Don't have a TCI SuperCoder account yet? Become a Member >>

Dermatology Coding Alert

CCI Update:

Coding Tissue Transfers? Watch for These Changes

New Correct Coding Initiative edits impact which procedures you can report with adjacent tissue transfers.

If your dermatologists perform tissue transfers, watch out: the Correct Coding Initiative has a few things to say about what you can – and cannot – report with those CPT® codes.

The latest version of CCI, Version 22.0, is effective as of Jan. 1. Overall, CCI 22.0 introduced more than 55,000 new bundles of CPT® codes.

All of the CPT® codes in the “Adjacent Tissue Transfer or Rearrangement Procedures on the Integumentary System” series (14000-14350) now include:

  • +11001 – Debridement of extensive eczematous or infected skin; each additional 10% of the body surface, or part thereof (List separately in addition to code for primary procedure)
  • 11004-11006 – Debridement of skin, subcutaneous tissue, muscle and fascia for necrotizing soft tissue infection…
  • +11045 – Debridement, subcutaneous tissue (includes epidermis and dermis, if performed); each additional 20 sq cm, or part thereof (List separately in addition to code for primary procedure)
  • 11043 – Debridement, muscle and/or fascia (includes epidermis, dermis, and subcutaneous tissue, if performed); first 20 sq cm or less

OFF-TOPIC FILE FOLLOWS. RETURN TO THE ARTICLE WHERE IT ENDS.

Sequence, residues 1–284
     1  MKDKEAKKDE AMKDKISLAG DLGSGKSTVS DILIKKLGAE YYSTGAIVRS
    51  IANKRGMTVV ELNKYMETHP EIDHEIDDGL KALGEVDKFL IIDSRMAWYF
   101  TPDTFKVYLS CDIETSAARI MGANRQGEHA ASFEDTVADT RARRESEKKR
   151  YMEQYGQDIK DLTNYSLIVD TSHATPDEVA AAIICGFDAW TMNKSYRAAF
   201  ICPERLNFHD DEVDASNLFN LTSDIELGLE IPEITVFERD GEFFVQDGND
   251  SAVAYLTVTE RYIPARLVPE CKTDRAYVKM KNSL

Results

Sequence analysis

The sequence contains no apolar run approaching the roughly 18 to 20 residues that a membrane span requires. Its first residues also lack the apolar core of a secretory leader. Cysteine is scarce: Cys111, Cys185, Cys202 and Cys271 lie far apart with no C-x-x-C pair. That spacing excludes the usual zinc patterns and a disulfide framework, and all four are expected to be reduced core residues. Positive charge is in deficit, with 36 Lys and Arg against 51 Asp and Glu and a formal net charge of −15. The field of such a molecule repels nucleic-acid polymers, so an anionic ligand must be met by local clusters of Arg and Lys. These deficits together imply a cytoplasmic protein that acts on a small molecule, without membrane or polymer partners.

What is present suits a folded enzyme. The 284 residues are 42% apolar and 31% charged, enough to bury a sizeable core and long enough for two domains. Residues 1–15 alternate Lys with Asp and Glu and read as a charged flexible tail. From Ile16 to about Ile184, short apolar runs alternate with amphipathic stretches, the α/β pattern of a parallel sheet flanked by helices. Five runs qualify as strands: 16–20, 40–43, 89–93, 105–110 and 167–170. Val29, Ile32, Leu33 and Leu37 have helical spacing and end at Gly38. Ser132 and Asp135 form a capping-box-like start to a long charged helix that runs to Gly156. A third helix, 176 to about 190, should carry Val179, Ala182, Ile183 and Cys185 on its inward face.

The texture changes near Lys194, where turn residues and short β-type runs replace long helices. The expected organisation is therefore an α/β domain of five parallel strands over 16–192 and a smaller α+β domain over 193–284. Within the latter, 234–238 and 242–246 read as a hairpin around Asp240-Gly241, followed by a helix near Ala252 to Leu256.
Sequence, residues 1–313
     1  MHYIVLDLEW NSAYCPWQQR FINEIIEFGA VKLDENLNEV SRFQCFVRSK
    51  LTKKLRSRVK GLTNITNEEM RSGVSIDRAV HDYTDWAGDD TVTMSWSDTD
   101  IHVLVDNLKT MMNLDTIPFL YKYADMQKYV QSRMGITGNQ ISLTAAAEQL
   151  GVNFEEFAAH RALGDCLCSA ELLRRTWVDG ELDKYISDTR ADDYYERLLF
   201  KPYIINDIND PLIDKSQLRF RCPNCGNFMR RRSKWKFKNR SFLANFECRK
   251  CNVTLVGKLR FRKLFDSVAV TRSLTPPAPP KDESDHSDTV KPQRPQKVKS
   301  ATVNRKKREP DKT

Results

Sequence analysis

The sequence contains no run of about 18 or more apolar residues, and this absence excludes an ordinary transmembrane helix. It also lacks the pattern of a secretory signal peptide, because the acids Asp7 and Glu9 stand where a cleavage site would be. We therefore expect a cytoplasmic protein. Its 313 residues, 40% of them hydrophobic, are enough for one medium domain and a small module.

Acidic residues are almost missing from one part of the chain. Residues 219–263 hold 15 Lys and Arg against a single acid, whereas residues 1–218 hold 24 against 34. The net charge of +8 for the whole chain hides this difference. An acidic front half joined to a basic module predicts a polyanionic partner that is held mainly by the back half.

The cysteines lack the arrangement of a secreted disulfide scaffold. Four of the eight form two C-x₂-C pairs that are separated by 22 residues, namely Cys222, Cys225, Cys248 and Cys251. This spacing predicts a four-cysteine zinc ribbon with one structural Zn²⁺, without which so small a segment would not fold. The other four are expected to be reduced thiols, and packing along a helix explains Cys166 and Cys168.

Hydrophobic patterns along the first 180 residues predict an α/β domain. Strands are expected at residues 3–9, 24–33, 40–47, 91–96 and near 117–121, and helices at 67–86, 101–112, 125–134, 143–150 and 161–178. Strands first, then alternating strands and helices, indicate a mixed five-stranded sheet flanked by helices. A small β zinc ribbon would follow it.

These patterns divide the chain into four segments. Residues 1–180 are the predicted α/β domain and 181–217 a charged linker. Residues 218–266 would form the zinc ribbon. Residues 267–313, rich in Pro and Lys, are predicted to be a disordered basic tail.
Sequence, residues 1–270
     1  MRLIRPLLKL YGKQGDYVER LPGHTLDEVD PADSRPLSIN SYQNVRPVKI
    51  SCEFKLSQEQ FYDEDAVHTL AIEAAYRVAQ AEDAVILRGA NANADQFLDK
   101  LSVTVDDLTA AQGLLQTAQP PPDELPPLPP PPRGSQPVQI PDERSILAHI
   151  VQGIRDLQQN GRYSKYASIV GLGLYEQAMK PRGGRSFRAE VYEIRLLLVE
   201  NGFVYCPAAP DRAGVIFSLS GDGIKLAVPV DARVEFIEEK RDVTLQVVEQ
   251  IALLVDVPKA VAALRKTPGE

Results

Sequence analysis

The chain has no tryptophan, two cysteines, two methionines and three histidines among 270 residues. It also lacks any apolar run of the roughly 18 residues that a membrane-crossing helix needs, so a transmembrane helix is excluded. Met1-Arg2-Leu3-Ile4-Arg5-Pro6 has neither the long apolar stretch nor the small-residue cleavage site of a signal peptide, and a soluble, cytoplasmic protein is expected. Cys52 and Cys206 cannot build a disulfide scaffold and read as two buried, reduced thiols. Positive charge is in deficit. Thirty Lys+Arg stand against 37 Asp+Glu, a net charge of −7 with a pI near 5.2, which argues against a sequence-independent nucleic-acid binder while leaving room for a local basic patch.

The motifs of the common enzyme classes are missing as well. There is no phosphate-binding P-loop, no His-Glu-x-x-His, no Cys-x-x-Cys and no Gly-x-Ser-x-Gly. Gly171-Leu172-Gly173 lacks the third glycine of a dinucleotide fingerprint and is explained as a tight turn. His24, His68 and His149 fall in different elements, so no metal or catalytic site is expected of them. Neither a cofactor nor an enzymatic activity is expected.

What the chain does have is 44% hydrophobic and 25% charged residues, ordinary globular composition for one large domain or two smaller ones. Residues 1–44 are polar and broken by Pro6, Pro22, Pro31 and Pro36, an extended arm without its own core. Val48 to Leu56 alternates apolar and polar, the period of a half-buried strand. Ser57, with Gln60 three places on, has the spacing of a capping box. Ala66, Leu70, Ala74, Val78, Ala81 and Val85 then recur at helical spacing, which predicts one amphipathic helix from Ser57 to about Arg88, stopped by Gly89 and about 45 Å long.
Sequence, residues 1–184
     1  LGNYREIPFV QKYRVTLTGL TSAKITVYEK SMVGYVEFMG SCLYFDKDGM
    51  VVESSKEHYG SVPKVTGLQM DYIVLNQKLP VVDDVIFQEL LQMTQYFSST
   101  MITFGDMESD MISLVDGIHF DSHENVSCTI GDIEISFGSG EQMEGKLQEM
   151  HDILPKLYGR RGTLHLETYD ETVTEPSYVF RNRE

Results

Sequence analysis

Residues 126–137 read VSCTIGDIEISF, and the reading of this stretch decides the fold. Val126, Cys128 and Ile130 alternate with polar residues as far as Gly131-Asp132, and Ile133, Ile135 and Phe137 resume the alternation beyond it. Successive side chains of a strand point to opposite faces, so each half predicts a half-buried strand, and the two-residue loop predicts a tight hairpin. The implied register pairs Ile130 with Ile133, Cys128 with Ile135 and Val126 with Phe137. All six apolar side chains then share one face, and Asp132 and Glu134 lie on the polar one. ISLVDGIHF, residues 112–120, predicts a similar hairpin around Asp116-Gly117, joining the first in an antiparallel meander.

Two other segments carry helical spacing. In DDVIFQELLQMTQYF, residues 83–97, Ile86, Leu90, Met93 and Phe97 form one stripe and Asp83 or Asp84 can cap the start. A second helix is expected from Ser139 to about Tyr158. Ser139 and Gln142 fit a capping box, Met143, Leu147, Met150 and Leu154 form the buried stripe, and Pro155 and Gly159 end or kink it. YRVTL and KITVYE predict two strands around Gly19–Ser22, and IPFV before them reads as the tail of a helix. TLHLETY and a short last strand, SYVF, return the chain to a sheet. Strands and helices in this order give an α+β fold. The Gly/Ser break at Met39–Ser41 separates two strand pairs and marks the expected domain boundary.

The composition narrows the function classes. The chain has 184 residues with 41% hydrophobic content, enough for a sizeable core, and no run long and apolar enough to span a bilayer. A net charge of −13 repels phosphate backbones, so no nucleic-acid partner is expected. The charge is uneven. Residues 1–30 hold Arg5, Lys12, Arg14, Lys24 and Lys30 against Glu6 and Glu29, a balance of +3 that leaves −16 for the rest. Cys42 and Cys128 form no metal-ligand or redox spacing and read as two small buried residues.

• +11046 – … each additional 20 sq cm, or part thereof (List separately in addition to code for primary procedure)
  • 11044 – Debridement, bone (includes epidermis, dermis, subcutaneous tissue, muscle and/or fascia, if performed); first 20 sq cm or less
  • +11047 – … each additional 20 sq cm, or part thereof (List separately in addition to code for primary procedure).

What this means: These CCI edits are all Column 1/column 2 edits, describing “bundled” procedures. The column 1 code generally represents the comprehensive service, and the column 2 code is the component that is part of the more extensive column 1 procedure.

“Column 1 codes are codes that are primarily payable,” says Elizabeth Hollingshead, CPC, CUC, CMC, CMSCS, coding specialist at Central Ohio Urology Group in Marysville, Ohio. “Column 2 codes are the codes that are bundled into the column 1 codes. If they are billed together, the code in column 2 will be denied unless it is has a modifier indicator of 1 and it is appropriate to add a proper modifier to break the bundle.”

If you bill bundled (column 1/column 2) procedures for the same patient on the same day, payers will pay you only for the higher-valued of the two, usually the column 1 code.

However: All of the edits are marked with modifier indicator “1,” which means that you can, under appropriate clinical circumstances, report the two codes separately, along with a modifier (such as modifier 59, Distinct procedural service), appended to the Column 2 code.

These codes may not have a huge impact on your dermatology practice, notes Pamela Biffle, CPC, CPC-P, CPC-I, CPCO, owner of PB Healthcare Consulting and Education Inc. in Austin, Texas. The debridement codes are “more relevant in an urgent care or ED situation,” she says.

Don’t miss: CPT® codes +11001 and +11045 are add-on codes. Both of their primary procedure codes (11000 and 11042, respectively) had already been bundled into 14000-14350. Also, note that +11045 and +11046 appear out of numerical sequence, so as to keep them next to their primary procedure codes (11042 and 11043).

Resource: For more on CCI edits, visit www.cms.gov/Medicare/Coding/NationalCorrectCodInitEd.